The Bilt Mastercard lets cardmembers earn 1 point per dollar spent on rent at no cost. It’s the biggest expense item for most people who rent, and the Autograph card will generally earn zero points for that spending while the Bilt card earns up to 100,000 points per year. Bilt will earn more points for most than Autograph will.
- An Autograph point can be cashed out at a penny apiece. In contrast I’ve valued Bilt points at 1.7 cents each (others like The Points Guy use a higher value) thanks to Bilt’s valuable transfer partners like American AAdvantage, United MileagePlus, World of Hyatt and more.
I still can get 8 to 10 cents per point or more in value against the retail cost of a ticket when redeeming transferred points for international business class travel, and I use Hyatt points on especially expensive hotel nights and for the kind of suites you won’t be getting with points off a cash back card that earns 1% on much of your spend.
Bilt also offers spending points through their travel portal at 1.25 cents apiece which, while not how I prefer to use points, is still 25% more value than straight 1% redemption value. Bilt’s points are worth more than Autograph’s.
At the end of the day, Wells has a card that earns points in a category no one else can match (rent) that’s the biggest expense item for most customers who spend in the category. Each of their points is far more flexible and worth more. And somehow it’s the Autograph card Wells Fargo is spending money to shout from the rooftops as their best points card ever. What could possibly be going on here?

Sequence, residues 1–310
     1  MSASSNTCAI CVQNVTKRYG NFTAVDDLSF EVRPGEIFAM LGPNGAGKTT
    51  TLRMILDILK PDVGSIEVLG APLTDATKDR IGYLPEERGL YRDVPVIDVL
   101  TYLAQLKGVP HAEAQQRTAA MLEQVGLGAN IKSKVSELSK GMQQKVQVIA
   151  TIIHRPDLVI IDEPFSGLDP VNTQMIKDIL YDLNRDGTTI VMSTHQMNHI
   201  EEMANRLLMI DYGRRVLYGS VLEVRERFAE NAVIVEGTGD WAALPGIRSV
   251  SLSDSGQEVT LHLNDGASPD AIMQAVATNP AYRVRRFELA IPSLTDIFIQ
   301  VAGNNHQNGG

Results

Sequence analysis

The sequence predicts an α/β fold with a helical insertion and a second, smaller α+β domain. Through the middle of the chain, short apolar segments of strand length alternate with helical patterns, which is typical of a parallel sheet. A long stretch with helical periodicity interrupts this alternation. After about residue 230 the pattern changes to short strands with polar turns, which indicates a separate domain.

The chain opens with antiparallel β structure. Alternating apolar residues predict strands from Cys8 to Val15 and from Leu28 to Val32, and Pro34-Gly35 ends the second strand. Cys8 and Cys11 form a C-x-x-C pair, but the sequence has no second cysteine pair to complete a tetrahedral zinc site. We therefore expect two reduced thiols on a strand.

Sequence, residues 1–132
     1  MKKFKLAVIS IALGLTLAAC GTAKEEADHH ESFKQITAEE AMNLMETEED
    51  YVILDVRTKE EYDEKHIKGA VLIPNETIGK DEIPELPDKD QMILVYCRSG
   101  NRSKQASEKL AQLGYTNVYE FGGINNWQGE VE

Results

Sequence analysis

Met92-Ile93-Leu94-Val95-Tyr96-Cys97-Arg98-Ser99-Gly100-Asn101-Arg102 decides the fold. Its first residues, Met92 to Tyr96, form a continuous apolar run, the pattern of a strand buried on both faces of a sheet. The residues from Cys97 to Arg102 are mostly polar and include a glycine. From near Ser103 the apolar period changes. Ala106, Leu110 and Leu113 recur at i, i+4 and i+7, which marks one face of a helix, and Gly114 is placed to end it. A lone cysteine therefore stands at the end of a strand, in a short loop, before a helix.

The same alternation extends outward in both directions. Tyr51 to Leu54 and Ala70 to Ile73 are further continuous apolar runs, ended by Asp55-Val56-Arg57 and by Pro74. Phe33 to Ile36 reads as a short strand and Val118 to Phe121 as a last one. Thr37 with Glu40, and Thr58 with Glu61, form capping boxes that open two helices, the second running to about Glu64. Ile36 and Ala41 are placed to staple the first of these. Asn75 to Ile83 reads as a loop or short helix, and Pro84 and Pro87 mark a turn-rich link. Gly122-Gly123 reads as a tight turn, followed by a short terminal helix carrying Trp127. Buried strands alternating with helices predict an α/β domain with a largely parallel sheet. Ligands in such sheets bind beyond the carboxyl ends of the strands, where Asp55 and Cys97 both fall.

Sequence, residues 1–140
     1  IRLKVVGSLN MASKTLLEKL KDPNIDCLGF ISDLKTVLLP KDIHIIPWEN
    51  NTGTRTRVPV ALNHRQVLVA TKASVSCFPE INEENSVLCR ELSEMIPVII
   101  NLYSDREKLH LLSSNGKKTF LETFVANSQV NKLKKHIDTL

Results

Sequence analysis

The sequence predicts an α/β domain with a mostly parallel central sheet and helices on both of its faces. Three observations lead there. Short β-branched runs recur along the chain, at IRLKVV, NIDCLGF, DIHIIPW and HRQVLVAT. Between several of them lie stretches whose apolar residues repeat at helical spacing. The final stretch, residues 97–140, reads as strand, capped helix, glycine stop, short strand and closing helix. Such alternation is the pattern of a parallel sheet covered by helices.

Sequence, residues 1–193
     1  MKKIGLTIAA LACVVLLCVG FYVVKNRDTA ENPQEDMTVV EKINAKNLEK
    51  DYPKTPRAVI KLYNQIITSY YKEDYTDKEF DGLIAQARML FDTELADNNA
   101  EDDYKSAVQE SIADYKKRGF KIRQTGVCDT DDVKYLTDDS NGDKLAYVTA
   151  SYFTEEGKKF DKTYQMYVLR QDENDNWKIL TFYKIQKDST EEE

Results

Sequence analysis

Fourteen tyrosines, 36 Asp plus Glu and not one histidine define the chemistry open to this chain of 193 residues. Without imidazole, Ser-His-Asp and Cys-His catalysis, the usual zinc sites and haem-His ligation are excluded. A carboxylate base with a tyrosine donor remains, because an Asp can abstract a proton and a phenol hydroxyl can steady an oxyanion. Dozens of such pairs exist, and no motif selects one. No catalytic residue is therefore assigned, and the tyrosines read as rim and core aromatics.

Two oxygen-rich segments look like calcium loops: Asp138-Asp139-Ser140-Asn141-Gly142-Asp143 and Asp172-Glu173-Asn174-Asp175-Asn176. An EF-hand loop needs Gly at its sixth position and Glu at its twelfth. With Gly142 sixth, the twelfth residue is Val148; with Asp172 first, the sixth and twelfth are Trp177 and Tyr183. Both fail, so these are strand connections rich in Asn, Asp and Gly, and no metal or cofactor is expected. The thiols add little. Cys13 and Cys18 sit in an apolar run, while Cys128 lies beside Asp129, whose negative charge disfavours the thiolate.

- Big bank marketing claims go through extensive legal review. This isn’t a claim Wells Fargo is making lightly, but I’m trying mightily to make sense of it. I’m confident they’re well-meaning here, but that makes this even more of a mystery.
- Wells Fargo has one of the best, most innovative products that’s been introduced in the last year in the Bilt Mastercard. That’s a real coup for Wells because until now the bank hasn’t been a player or even competitive in the ‘points’ space.
- Maybe it’s just so new to them (their launch party was just in March) that their executives don’t actually realize what they have? Perhaps marketing and legal just don’t know they have a much better card than the one they’re promoting as their best?
Regardless of the reason, the consequence is the same: Wells Fargo is advertising in a way that points customers in the wrong direction, that will earn many consumers fewer points and deliver less value. And that’s not something Wells Fargo wants to do as it builds its reputation in consumer cards.
Wells already has the very best no annual fee consumer points card offered by any bank in their portfolio. Think of it as Chase Sapphire Preferred but without the annual fee and better transfer partners too – that earns points on rent at no charge, but doesn’t offer a signup bonus. Too bad the card is a well-kept secret even inside their own bank!